Bene’t Holmes, a 25-year-old single mother of a five-year-old son, worked at Walmart in Chicago when she became pregnant last year. Holmes describes having trouble lifting 50-pound boxes on the job when she was four months pregnant. Walmart’s written policy at the time was to provide reasonable accommodations for disabilities and on-the-job injuries, but not for pregnancy. Holmes knew that her work was putting excessive strain on her body, and her doctor said she needed temporary job duties that would be less physically strenuous. But according to Holmes, a store manager denied her request, explaining that when she took her job, she was expected to lift 50 pounds. The day after her request was denied, Holmes had a miscarriage while at work at Walmart.

Unfortunately, Holmes’ story is not unique. Today, more women are in the workforce than ever before and are working later into their pregnancies. While most women continue working throughout their pregnancies with no need for changes in their jobs, some—particularly those in physically demanding jobs—will need temporary adjustments to continue working safely. Frequently these women need only a simple accommodation—like avoiding heavy lifting for a few months, being permitted to sit occasionally during a long workday, or staying off high ladders.

But, across the country, many employers refuse to provide these temporary, reasonable modifications that would allow pregnant employees to continue working—even when they routinely accommodate non-pregnancy related disabilities. Too often bosses fire pregnant workers or push them onto unpaid leave. Other women continue to work without asking for accommodations because they cannot afford to lose their income. These women face a choice that no one should have to make: either risk their own health and pregnancy to keep a job or lose their income at the moment they can least afford it.

How can this be when the federal Pregnancy Discrimination Act—outlawing discrimination against pregnant workers—has been the law of the land for almost 35 years? The Pregnancy Discrimination Act requires employers to treat pregnant women as well as they treat those who have a similar ability to work. But courts have often ignored this requirement and narrowly interpreted the Pregnancy Discrimination Act’s protections, leaving women without recourse.

Here is the good news: Today, Governor Quinn is expected to sign the Illinois Pregnant Workers Fairness Act, a new law that passed unanimously earlier this year and will protect pregnant workers in Illinois from facing the same situation as Holmes. Yes, you read that right. Every legislator in Illinois recognized that fairness for pregnant workers just makes sense.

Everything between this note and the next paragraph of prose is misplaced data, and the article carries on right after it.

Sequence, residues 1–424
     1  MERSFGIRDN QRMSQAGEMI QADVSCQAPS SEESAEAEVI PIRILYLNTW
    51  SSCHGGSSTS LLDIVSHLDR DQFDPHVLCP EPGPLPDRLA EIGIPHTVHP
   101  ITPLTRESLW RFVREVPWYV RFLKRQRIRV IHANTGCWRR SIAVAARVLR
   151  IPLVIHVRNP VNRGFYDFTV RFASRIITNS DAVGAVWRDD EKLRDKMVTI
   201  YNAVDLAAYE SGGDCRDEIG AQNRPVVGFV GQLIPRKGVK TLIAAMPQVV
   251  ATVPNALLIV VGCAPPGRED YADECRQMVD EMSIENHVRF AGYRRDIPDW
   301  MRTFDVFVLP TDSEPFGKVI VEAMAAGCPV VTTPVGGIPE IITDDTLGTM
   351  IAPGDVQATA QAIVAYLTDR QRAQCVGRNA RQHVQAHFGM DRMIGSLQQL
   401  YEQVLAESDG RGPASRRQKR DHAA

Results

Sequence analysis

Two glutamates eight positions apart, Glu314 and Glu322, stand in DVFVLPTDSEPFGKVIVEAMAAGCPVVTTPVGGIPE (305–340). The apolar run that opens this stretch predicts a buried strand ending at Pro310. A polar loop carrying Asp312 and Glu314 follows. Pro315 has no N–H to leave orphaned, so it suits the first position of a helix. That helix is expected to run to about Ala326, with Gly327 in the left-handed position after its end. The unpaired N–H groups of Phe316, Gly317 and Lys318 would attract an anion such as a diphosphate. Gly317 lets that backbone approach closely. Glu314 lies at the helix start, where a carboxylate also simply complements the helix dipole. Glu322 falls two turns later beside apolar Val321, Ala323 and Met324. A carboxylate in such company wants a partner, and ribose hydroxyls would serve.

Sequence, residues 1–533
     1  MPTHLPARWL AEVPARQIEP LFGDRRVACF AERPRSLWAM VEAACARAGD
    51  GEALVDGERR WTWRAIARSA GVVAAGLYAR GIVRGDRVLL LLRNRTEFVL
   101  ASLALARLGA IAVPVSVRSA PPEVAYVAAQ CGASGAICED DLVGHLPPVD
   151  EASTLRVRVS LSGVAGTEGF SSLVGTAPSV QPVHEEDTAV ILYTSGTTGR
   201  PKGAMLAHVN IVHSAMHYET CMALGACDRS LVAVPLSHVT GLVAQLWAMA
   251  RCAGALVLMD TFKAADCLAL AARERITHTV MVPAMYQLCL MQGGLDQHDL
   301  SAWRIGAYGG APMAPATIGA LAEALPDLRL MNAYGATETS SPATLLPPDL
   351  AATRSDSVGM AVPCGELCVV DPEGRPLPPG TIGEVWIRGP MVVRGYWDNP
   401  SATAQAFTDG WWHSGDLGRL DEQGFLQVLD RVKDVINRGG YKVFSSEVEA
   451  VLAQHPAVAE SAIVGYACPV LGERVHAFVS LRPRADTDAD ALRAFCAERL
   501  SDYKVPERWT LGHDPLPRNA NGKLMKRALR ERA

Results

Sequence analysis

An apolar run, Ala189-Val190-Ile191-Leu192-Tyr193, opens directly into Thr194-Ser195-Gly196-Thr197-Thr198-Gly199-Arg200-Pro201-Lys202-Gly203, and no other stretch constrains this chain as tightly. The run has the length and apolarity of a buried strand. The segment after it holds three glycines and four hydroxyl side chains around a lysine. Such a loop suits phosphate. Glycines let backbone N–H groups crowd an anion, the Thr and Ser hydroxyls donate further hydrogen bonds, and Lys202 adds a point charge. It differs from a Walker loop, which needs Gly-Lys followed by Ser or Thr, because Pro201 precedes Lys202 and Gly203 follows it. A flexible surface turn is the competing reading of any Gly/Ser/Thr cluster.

Now women in Illinois who are physically unable to perform some part of their job because of pregnancy will be guaranteed reasonable accommodations–the same type of accommodations employers already are clearly required under law to provide workers with temporary disabilities. The law in Illinois will now be unmistakable to employers and to courts: an employee who cannot lift heavy objects because of pregnancy must be accommodated if the employer can do so without undue hardship—just like the worker who cannot lift heavy objects because of a back injury. The law will allow pregnant women to continue working, earning crucial income for their families and contributing to the economy.

But the momentum should not stop here. The federal Pregnant Workers Fairness Act (PWFA) is currently pending in both houses of Congress. Like the recently passed state law, the federal PWFA would require employers to reasonably accommodate pregnant workers who need it so that they can continue working safely through their pregnancies. In the last year, support for the PWFA has grown to 29 Senators and 135 Representatives–yet not a single Republican in Congress has supported this simple, straightforward principle that the Illinois legislature just embraced unanimously.

It is time for that to change. The new Illinois law provides commonsense protections for maternal health and workplace fairness that are long overdue—and the overwhelming support the bill garnered makes crystal clear that fair treatment for pregnant workers should be something we can all agree on.

Now it’s time for Washington to get the message.

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